this.c = c;
}
public V compute(A arg) throws InterruptedException {
V result = cache.get(arg);
if (result == null) {
result = c.compute(arg);
cache.put(arg, result);
}
return result;
}
}

Memoizer2 improves on the awful concurrent behavior of Memoizer1 by replacing the HashMap with ConcurrentHashMap. Since ConcurrentHashMap is thread-safe, there is no need to synchronize when accessing the backing Map, thus eliminating the serialization induced by synchronizing compute in Memoizer1.

Memoizer2 certainly has better concurrent behavior than Memoizer1: multiple threads can actually use it concurrently. But it still has some defects as a cache - there is a window of vulnerbility in which two threads calling compute at the same time could end up computing the same value. See:

Cache Attempt #2

Third attempt

The problem of Memoizer2 is that if one thread starts an expensive computation, other threads are not aware that the computation is in progress and so may start the same computation. We’d like to somehow represent the notion that “thread X is currently computing f(27)“, so that if another thread arrives looking for f(27), it knows that the most efficient way to find it is to head over to Thread X’s house, hang out there until X is finished.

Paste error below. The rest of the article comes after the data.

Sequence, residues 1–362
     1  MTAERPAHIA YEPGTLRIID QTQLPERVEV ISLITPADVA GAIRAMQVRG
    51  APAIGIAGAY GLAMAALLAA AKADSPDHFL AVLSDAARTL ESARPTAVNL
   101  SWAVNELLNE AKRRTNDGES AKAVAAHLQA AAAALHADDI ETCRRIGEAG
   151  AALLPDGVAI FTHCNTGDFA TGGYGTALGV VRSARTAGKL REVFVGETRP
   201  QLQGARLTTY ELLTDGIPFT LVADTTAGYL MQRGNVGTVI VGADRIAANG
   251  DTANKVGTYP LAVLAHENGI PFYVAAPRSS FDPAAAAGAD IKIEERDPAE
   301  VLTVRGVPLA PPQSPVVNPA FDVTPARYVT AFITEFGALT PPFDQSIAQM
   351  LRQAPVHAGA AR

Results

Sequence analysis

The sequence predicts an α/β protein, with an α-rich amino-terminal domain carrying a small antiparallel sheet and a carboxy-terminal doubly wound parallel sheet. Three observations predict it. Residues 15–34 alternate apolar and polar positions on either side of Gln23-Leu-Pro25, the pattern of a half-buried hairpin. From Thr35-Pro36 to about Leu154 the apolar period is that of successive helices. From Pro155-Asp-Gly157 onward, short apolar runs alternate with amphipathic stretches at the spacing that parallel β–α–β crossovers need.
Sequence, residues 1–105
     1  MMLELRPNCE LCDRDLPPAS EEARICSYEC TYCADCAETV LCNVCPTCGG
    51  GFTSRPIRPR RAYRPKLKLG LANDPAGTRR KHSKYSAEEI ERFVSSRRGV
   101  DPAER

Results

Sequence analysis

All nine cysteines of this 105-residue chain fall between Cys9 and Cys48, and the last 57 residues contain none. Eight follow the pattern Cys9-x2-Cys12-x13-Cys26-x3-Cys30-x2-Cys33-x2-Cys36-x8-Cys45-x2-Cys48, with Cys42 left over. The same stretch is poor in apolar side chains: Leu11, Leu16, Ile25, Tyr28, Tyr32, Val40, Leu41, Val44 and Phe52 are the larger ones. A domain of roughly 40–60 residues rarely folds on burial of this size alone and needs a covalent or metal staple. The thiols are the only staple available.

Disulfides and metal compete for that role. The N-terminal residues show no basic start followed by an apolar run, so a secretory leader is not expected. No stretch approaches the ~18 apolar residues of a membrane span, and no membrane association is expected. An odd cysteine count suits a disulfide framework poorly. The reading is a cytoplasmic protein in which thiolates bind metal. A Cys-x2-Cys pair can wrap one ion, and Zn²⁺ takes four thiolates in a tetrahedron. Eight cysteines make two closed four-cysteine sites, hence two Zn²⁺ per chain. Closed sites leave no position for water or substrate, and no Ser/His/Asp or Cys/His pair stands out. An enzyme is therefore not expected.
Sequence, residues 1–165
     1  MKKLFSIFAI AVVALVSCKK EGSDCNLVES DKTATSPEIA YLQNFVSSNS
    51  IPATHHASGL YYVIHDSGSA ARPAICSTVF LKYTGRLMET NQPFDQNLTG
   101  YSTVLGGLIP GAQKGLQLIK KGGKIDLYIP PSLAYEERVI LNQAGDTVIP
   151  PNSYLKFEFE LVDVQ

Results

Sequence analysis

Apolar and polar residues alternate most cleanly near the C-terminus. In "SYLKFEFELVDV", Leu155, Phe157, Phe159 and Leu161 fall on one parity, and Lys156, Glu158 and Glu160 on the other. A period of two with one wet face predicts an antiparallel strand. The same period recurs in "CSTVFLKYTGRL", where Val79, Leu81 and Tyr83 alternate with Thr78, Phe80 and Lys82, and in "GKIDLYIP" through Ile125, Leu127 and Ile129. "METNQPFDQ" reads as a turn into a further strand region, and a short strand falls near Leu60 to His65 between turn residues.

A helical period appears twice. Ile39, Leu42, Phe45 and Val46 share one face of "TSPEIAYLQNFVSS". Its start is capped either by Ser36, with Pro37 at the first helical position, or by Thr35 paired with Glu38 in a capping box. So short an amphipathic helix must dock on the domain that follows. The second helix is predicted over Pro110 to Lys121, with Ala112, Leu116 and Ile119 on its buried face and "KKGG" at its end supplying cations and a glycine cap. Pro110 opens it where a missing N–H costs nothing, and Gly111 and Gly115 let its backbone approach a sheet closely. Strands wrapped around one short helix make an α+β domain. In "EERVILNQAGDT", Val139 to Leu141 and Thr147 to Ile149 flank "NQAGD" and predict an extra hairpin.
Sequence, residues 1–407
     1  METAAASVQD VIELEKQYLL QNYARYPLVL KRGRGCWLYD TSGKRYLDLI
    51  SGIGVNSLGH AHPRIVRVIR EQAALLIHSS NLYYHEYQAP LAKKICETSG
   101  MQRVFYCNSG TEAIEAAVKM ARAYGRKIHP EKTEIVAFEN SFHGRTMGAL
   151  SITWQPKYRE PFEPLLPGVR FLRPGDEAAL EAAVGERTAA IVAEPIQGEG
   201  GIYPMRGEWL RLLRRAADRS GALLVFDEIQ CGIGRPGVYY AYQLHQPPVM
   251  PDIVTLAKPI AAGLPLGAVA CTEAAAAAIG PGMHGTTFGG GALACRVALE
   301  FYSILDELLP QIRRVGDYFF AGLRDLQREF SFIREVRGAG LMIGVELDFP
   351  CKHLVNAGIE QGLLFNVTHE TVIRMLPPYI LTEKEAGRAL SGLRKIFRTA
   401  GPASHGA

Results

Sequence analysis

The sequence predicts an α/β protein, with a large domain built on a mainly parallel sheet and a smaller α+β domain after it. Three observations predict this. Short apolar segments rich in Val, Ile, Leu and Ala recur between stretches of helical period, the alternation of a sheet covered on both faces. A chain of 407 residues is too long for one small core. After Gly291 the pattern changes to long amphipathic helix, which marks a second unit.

We’ve already seen a class that does almost exactly this: FutureTask. FutureTask represents a computational process that may or may not already have computed. FutureTask.get returns the result of the computation immediately if it is available; otherwise it blocks until the result has been computed and then returns it.

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public class Memoizer2 <A, V> implements Computable<A, V> {
private final Map<A, V> cache = new ConcurrentHashMap<A, V>();
private final Computable<A, V> c;
public Memoizer2(Computable<A, V> c) {
this.c = c;
}
public V compute(A arg) throws InterruptedException {
V result = cache.get(arg);
if (result == null) {
result = c.compute(arg);
cache.put(arg, result);
}
return result;
}
}